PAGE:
Christmas is usually a festive time where families are brought together and the winter nights mean cosy times in front of a fire away from the outside cold and wind. For the residents of the small Scottish border town of
It was Wednesday 21st December 1988 and with just four days to go until Christmas the flights home were already making the journeys around the world to deliver their excited human cargo to their waiting families. For Pan American World Airways flight 103 this was no exception. There were 243 passengers and 16 crew on board the Boeing 747 and the journey from London Heathrow to
was going to be the usual long trip where most people would take the
opportunity to sleep in the overnight Atlantic crossing. JFK Airport
Named Clipper Maid of the Seas, the jet left the gate at 1800 that evening and headed north on the scheduled flight plan. What nobody realised was that deep in the cargo hold, a bomb had been placed within a cassette player and it was timed to go off when the aircraft was well into it’s journey.
At 1902 that evening the bomb detonated with devastating results. The huge aircraft immediately broke into large pieces that showed up on RADAR as five separate targets. Control had no response on the radio and soon the targets vanished again.
Meanwhile on the ground in Lockerbie, huge pieces of flaming wreckage hit the residential areas with an impact that wiped out entire streets. The wings connected to a piece of fuselage left a massive crater surrounded by burning houses. The cockpit lay on a hill next to a church. A woman found dozens of bodies now littered where her house used to be. An engine embedded itself into a road. Fires raged as the occupants of the houses were left searching for their loved ones amid the chaos. One young boy who had gone to a friends house could only watch in horror as his house and his entire family vanished in the blink of an eye.
By the following morning the fires had been extinguished. The smell of aviation fuel was hanging in the air as police, fire crews, ambulances and the army swarmed the site as well as the press and visiting dignitaries. The death toll was shocking – all 259 on the aircraft plus 11 on the ground.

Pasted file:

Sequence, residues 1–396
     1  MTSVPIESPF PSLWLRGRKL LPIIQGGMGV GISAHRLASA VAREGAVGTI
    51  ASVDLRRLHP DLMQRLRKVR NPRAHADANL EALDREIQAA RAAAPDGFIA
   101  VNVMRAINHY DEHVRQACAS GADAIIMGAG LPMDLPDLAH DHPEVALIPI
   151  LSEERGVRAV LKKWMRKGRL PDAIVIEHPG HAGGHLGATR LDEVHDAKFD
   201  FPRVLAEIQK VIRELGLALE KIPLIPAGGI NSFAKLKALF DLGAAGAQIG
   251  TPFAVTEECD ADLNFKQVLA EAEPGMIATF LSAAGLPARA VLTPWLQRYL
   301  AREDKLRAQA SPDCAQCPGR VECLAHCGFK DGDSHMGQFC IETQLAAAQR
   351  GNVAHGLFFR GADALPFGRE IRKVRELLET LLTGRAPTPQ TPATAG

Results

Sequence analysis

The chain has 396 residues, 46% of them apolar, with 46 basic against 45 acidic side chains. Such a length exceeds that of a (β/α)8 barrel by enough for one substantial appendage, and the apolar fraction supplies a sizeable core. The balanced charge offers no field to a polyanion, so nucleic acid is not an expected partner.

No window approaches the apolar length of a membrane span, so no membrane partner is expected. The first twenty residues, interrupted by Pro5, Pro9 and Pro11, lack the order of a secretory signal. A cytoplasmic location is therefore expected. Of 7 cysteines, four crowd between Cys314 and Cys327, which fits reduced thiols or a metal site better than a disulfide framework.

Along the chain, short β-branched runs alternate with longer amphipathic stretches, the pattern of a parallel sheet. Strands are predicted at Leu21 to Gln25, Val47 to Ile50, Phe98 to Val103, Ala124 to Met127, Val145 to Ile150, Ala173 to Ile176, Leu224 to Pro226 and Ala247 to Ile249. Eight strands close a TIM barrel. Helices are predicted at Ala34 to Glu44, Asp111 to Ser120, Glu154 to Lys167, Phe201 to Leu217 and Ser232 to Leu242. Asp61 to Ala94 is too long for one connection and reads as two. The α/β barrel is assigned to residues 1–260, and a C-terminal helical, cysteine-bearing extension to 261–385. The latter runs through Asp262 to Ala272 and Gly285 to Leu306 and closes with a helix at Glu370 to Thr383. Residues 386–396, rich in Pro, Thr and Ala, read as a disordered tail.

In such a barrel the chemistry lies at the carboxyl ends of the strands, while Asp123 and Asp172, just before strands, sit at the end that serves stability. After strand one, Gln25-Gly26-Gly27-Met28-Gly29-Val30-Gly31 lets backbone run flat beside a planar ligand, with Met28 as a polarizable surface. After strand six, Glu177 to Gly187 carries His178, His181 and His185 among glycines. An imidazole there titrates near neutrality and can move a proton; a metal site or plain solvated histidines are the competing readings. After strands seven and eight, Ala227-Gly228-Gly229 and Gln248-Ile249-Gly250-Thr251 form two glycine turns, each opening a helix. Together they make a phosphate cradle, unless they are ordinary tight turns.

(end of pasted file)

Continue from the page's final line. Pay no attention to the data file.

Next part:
What was more shocking was the news just days later that it was a bomb that had brought the plane down. After a long and controversial investigation it was
that was blamed for the attack with two of it’s countrymen singled out. The two
men were handed over for trial in 1999 and one was found guilty in 2001
following a lengthy court case on a neutral ground, in this case the Libya . He
served just eight years when a court granted his release on compassionate
grounds in 2009 due to him being diagnosed with terminal cancer. He died in Netherlands three
years later. Libya
Today the town of
is remembered for all the wrong reasons – worst air disaster and worst
terrorist attack – but embraces the remembrance of all that was lost that day.
A memorial garden was set up with each name engraved on a large stone monument,
a book of remembrance in the chapel where the cockpit fell and several other
plaques marking where some of the larger pieces of wreckage fell. Britains
Other memorials honour the victims at
University where they lost 35 students
on the flight and another at Arlington
While there are several others including a huge sculpture around the world, the
world will never forget the bombing of this aircraft and the shock it created.
Because of this new security rules were enforced at airports and greater
vigilance was encouraged within the aviation community. Virginia (right)
Despite the passage of time, the memories of those events that night 31 years ago will never fade.